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CMU civil engineering program graduates first cohort

Around 400 Colorado Mesa University graduates participated in the three in-person August commencement ceremonies. On the Maverick Field during the second celebration sat six students, the first of their kind. The students were the first in CMU's history to graduate with a Bachelor of Science in Civil Engineering.  

Due to COVID-19, in-person commencement was moved from May to August, but that didn't stop the six civil engineers from pushing on.   

Months before they walked across the stage in their cap and gown, they landed jobs and were already making moves in their field. They now get to help design and build the world we live in.

"Civil engineers help build infrastructures and systems that keep society running," said CMU/CU Boulder Civil Engineering Instructor Joel Sholtes, PhD. "From roads and bridges, to drinking water and waste water treatment. We make sure we are building in a way that is keeping our communities safe."

Recent graduate Emma Gardner, who was hired by Austin Civil Group in Grand Junction, said she chose the CMU civil engineering program because she wanted to be challenged in a rigorous program but she favored a small classroom setting.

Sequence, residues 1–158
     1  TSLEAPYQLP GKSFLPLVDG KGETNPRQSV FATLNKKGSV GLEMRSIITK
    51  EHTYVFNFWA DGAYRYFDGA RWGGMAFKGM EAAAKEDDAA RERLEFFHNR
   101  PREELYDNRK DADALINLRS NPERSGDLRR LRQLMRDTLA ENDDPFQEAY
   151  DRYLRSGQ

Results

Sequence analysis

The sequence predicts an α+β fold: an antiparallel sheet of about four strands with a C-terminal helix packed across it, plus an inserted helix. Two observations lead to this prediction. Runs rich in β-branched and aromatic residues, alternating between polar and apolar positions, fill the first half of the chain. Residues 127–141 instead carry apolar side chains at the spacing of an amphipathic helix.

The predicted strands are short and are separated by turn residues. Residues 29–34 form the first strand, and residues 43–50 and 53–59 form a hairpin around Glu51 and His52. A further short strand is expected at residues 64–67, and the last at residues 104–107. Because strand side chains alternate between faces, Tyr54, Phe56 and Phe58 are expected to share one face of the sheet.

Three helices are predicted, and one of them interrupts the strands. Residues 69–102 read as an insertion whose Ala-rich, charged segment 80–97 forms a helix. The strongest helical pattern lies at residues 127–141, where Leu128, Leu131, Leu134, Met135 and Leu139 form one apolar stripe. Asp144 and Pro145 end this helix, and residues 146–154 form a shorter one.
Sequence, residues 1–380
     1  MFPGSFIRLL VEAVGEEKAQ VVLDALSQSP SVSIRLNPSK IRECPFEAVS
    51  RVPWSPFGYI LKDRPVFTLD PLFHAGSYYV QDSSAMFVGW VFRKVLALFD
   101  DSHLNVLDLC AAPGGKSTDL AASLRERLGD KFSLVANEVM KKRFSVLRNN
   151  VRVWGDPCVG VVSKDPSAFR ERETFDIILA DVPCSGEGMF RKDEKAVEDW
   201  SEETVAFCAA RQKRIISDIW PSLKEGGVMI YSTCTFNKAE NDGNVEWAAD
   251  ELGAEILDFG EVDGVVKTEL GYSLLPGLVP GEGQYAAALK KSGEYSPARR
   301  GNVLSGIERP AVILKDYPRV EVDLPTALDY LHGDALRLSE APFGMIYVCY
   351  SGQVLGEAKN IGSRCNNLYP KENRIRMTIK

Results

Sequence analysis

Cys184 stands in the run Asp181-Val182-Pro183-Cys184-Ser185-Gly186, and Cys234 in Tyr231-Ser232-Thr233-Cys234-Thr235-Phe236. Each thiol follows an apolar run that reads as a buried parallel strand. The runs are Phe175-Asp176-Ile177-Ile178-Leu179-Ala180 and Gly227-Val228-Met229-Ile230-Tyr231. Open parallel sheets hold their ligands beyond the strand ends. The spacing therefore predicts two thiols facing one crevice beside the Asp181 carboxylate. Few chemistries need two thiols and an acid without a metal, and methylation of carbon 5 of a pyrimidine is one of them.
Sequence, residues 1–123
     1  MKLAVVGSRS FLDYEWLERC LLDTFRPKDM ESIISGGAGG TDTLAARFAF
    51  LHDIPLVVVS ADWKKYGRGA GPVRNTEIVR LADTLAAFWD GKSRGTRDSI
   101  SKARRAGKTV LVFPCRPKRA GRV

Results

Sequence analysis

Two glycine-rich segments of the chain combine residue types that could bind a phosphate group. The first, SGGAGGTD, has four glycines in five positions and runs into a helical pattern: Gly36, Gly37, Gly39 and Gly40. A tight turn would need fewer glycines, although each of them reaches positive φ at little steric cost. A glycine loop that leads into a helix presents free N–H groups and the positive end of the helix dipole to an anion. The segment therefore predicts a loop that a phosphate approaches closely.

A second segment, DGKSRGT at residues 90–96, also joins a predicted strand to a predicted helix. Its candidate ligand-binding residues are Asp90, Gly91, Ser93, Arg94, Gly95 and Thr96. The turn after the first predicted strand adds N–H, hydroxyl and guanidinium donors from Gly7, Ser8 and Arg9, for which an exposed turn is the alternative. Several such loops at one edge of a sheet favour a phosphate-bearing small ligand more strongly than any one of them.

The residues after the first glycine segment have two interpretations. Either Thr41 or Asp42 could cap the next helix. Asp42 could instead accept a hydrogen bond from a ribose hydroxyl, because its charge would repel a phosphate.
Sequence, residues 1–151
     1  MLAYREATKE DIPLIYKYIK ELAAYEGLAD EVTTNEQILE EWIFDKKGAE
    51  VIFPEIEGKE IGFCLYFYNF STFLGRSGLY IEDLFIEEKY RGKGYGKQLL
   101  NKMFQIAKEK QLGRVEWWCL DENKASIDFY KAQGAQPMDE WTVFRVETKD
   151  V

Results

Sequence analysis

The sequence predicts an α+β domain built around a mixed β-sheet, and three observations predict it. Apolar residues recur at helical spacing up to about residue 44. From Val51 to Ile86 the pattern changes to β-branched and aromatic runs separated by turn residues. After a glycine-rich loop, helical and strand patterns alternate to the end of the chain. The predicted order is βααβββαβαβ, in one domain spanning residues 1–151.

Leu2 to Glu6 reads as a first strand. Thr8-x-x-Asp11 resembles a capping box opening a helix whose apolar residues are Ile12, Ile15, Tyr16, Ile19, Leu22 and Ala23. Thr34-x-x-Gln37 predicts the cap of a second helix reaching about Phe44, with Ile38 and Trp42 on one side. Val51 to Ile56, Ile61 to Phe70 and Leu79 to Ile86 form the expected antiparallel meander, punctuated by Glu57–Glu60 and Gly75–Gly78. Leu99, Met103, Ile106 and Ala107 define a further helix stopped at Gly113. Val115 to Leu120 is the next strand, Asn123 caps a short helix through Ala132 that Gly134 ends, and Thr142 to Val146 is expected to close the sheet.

"I wanted the benefits of staying in a smaller community and I was happy the program contained all the technical classes that I needed, and the professors made sure there were multiple opportunities for outside experience such as internships," said Gardner.

Colorado Mesa University has a longstanding partnership with the University of Colorado Boulder to mold the best and the brightest engineers in order to meet the demand for engineers globally, as well as in western Colorado. The program is an affordable option for students and is the only civil engineering program on the West Slope.

"Civil engineering is a difficult program but ultimately very fulfilling. It is rewarding to be working in a field that actively improves the lives of the community," said Gardner.

Sholtes said the first civil engineering cohort is made up of leaders. 

"As the first class to graduate, they had to take on a lot of leadership roles and form new organizations, like the civil engineering club," he said.

"It was awesome to be a part of this new program and I look forward to seeing how it grows from here," said Gardner.

These Mavericks now help build, design, maintain and manage the world we live in and that's something to celebrate, on graduation day and beyond.

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Written by Kelsey Coleman